I recently need to make changes to some mobile phone contracts for family members. Our contracts were with two different mobile phone providers and one performed far better than the other. The positive experience was with O2. The website was clear and easy to use, the “instant messaging chat to advisor” service was quick and convenient, the human looking after me was engaging, efficient and extremely helpful. A truly positive customer experience. The other provider who I think should remain nameless provided an experience that had none of those attributes. Customer experience in the digital age is often characterised as our demanding ever more flexibility in how we engage, ever more efficient and enjoyable transactions, ever more rapid delivery and the truism of everything being immediately available at all times. I held my engagement with O2 late on a Sunday night so I think I ticked a few of those characteristics!
The view of the consumer has arguably never been more important or more easily shared. Over recent years the value of a referral or positive review has become increasingly important with access to many different sources at our fingertips.
I realised recently that I now automatically use reviews on sites like Booking.com prior to booking any accommodation, sorting the available options by customer review scores. Many market analysts assert that 75% of all purchase decisions are now preceded by a review, even if the review is online but the purchase is made in-store. Of course in this context the trust in the review source and it offering the collation at sufficient scale for the scores to be meaningful is critical to creating trust in the data integrity.
At the heart of these enhanced customer experiences is the dynamic combination of mobile devices and cloud computing. It is clear that the pace of change is stressing the capability and indeed budget of many IT organisations. Someone recently pointed me at some excellent Forrester material on this challenge. They use the term “Business Technology” and argue that successful CIOs need to lead their organisations from traditional style operating models to managing business technology outcomes and not IT assets. Given a deal of this useful information is behind the Forrester paywall this Computer Weekly article is an excellent articulation of their argument, “Forrester – Manage Business Technology Outcomes Not IT Assets“. At the same time I also recently came across an excellent article entitled 5 Metrics for Digital Success by Aaron Rudger. I particularly liked his suggested five key metrics for the digital age: responsiveness, latency, third party app impact, load testing metrics and finally competitor benchmarking. I will not do justice to the article here but it is well worth a read.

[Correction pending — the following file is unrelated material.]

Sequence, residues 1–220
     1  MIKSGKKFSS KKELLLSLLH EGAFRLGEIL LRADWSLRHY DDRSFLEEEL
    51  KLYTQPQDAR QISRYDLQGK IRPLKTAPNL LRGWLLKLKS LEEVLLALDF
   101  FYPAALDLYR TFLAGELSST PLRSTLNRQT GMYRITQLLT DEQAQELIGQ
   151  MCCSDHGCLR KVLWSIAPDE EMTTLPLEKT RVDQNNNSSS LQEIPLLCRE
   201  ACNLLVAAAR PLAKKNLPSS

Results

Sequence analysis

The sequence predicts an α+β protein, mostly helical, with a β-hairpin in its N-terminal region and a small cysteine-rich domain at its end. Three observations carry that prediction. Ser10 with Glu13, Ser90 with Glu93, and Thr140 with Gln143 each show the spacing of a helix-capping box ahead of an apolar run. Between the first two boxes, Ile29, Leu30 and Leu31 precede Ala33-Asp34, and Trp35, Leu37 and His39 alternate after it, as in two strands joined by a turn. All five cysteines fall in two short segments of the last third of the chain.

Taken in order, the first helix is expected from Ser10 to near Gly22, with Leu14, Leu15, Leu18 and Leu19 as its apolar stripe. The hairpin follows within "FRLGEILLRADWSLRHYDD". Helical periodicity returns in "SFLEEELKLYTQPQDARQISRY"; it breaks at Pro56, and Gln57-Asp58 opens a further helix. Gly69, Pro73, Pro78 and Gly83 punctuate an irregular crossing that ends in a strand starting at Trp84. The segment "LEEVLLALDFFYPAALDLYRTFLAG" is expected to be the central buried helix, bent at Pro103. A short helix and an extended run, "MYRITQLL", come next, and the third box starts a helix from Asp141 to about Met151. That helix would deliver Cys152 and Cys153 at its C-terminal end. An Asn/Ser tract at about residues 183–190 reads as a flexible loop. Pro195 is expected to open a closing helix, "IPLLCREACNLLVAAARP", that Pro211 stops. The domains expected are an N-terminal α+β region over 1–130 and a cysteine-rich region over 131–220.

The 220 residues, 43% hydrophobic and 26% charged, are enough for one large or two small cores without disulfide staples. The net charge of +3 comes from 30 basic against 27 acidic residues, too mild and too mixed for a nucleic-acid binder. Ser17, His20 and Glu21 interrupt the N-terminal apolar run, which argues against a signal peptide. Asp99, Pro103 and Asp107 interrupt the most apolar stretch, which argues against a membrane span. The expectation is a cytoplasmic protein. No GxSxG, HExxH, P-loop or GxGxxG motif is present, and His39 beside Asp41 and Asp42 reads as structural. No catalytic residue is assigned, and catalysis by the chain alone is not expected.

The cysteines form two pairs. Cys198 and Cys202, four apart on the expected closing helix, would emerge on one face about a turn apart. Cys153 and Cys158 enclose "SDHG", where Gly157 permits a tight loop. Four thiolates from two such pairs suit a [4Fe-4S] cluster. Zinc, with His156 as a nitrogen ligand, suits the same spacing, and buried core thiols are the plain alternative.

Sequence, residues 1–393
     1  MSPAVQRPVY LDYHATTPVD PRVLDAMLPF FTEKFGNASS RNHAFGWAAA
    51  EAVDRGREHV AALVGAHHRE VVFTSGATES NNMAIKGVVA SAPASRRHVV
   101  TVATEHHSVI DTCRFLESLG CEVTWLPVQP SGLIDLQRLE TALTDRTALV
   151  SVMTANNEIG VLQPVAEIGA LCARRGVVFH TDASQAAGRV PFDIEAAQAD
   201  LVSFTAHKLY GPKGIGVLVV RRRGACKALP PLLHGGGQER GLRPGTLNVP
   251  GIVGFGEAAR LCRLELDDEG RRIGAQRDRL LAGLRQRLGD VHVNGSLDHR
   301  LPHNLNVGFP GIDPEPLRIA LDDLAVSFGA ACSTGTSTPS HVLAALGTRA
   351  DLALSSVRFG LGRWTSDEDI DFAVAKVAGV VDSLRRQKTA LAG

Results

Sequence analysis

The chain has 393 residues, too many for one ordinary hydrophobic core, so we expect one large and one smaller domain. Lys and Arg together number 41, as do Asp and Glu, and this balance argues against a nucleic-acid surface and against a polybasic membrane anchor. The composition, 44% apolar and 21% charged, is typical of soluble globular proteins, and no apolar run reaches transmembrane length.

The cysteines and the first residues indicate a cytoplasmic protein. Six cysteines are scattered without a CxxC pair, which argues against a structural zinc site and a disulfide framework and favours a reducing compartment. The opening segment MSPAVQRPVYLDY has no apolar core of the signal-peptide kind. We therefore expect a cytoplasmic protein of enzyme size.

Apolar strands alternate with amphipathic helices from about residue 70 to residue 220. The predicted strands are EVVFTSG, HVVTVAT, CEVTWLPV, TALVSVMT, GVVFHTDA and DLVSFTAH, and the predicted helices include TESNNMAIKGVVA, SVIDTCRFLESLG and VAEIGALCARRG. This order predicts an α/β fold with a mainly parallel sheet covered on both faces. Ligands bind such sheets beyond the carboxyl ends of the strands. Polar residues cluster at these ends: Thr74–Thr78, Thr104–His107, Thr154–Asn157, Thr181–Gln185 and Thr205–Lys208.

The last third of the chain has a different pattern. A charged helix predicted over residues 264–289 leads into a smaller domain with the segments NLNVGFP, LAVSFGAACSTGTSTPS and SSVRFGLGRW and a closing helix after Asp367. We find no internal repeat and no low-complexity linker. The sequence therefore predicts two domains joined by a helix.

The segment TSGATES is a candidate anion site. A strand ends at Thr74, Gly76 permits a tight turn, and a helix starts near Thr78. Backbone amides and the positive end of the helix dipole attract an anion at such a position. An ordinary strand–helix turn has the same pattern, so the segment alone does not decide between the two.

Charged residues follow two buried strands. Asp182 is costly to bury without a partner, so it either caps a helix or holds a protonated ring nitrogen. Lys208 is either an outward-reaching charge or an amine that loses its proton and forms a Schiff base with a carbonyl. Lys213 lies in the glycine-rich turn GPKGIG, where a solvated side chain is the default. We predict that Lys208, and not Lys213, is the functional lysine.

Regardless of what you measure the challenges and the opportunities for IT teams is going to continue to evolve at pace. A common message from analyst articles is that over the next five years the combination of the Internet of Things, pervasive cloud computing and big data will enable organizations to offer services which are able to learn and evolve, are contextually aware and able to react in real time to change. So your strategy needs to ensure that the design is user-centric, that it provides for a high degree of personalisation and contextualisation and that you are able to rapid iterate to innovate.
Customer experience is fundamentally about the quality of the interaction between the consumer and the company offering the service. The intent is to build a relationship of trust and value with the consumer so they are both a repeat buyer but more important an advocate for you. There is as deal of research you can find that explores what transforms a buyer into a brand advocate. The quality of the product or service is clearly key but is it sufficient? Are there other factors being assessed by your customers when they decide whether to post that glowing review on your service? I would argue that there are a range of criteria explicitly and implicitly being assessed every time someone experiences your service. It would seem to me that the value judgements being made are becoming more sophisticated and perhaps based on some interesting research I recently read far more holistic that we might expect?
This post was previously published on the Business Value Exchange.
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